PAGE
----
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The Prodigy: The Day Is My Enemy

Essex bruisers revisit their rave-punk roots with help from Sleaford Mods.

As the time-lag between Prodigy albums grows ever longer, it is hard to avoid the sense that Liam Howlett has exhausted his narrow range of ear-pummelling, beat-crunching studio tricks.

And yet these veteran Essex electro punks can still surprise – their last album, 2009’s Invaders Must Die, was an agreeable mash-up of post-punk and dubstep influences with added percussive clout from Dave Grohl.

Six years and several title changes later, the band’s sixth album is another uneven mix, but with enough fresh twists and smart cameos to save it from redundancy.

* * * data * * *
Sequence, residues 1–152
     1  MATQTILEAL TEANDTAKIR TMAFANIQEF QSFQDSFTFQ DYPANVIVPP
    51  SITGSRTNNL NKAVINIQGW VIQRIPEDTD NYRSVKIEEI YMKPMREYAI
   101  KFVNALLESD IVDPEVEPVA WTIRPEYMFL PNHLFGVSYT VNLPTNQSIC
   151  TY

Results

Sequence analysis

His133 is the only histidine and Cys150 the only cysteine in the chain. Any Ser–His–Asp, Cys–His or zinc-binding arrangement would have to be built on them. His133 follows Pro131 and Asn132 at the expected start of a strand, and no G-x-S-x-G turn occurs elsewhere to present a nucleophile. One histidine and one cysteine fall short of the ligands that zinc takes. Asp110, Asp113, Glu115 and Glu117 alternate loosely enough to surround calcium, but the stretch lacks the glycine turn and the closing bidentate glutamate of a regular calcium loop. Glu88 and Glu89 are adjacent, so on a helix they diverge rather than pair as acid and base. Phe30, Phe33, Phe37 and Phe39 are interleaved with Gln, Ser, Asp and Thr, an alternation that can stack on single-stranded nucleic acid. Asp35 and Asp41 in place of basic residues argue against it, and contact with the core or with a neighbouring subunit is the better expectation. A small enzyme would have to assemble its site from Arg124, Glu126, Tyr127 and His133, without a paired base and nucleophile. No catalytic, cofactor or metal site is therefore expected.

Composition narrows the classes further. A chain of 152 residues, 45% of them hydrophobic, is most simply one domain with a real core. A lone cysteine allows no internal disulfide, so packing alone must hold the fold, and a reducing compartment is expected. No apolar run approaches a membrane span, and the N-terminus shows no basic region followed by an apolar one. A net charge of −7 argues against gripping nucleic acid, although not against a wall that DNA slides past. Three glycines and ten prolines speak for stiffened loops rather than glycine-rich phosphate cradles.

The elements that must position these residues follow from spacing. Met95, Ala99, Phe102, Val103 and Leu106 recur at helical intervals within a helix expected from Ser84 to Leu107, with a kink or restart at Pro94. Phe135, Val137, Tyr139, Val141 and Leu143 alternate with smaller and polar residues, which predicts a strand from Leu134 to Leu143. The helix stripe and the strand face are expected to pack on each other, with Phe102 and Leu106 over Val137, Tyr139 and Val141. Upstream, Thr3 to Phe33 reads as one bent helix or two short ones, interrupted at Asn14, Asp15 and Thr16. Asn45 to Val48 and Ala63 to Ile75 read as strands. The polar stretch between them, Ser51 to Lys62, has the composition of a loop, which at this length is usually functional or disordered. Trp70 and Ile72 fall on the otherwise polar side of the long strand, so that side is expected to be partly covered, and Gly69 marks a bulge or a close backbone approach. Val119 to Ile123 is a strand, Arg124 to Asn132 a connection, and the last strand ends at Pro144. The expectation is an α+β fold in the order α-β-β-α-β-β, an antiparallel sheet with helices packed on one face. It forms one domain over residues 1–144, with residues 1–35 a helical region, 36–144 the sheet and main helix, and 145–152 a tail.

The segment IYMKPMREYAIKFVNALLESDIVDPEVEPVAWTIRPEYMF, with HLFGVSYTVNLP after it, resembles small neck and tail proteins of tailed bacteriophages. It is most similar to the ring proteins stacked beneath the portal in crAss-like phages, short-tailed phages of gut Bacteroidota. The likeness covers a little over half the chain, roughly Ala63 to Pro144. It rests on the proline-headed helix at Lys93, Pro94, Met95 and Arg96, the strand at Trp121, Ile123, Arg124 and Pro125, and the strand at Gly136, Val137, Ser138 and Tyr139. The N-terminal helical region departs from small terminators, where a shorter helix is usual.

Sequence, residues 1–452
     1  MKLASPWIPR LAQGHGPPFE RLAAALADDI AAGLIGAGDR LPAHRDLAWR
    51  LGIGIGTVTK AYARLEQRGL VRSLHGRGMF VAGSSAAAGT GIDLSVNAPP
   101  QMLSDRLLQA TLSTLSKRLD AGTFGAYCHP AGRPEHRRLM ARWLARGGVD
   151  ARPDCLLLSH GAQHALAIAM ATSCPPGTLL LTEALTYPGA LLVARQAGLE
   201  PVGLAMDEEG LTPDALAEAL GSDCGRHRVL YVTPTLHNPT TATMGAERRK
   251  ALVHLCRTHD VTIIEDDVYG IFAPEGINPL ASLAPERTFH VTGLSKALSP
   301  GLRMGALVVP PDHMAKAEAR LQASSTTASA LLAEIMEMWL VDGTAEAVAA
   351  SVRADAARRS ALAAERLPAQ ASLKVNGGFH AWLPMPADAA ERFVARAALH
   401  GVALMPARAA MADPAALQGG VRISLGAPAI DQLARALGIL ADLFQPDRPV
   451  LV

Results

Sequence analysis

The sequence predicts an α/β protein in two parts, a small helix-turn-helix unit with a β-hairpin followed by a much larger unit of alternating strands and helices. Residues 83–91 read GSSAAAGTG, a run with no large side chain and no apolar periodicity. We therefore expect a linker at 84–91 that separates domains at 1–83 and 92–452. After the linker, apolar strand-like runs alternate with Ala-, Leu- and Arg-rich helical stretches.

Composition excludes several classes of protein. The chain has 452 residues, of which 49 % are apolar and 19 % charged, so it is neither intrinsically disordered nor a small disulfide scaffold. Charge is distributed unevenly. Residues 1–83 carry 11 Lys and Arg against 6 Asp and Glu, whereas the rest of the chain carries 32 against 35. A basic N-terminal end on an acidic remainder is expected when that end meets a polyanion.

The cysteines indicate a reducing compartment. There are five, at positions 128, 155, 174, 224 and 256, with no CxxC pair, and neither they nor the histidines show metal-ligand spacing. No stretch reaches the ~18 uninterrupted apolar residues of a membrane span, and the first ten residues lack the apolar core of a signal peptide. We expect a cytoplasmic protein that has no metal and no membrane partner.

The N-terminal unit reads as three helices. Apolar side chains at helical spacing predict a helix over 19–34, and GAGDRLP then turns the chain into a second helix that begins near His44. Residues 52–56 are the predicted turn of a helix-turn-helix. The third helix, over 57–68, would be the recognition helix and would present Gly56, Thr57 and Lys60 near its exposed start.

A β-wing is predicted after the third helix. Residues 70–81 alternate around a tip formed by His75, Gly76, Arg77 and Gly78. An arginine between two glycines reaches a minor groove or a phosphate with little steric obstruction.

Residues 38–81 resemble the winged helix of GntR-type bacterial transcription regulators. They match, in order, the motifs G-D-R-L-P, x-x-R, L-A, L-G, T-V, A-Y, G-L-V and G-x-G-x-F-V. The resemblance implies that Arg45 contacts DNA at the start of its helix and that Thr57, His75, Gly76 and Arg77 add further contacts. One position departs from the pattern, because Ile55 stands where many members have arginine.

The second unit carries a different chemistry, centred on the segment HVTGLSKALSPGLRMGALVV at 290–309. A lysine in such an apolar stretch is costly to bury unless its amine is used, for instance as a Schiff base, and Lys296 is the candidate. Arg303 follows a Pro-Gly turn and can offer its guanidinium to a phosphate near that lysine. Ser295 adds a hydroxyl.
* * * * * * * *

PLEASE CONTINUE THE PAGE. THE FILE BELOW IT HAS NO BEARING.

Alongside the obligatory huddle of mindless macho stomps with adolescent titles like Destroy and Rok-Weiler, the title track is a superior buzzsaw rave-pop gallop featuring sultry vocals by sometime-Tricky-collaborator Martina Topley-Bird, while Behind The Death Ray is a Vangelis-sized cinematic techno anthem, and Ibiza a snarly satire on superstar DJs featuring a typically Tourettes-ish rant from Sleaford Mods.

Howlett’s decision to marginalise the boorish chants of Keith and Maxim in favour of female singers and cascading turbo-synth melodies has paid dividends, putting these former bloke-rock bruisers more in touch with their feminine side./o:p

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